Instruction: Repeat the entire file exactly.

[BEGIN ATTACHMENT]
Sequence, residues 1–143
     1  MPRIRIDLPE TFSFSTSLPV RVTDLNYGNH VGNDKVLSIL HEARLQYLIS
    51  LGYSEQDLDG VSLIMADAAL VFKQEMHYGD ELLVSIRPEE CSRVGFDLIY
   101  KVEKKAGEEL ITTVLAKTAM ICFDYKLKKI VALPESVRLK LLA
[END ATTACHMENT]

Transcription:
Sequence, residues 1–143
     1  MPRIRIDLPE TFSFSTSLPV RVTDLNYGNH VGNDKVLSIL HEARLQYLIS
    51  LGYSEQDLDG VSLIMADAAL VFKQEMHYGD ELLVSIRPEE CSRVGFDLIY
   101  KVEKKAGEEL ITTVLAKTAM ICFDYKLKKI VALPESVRLK LLA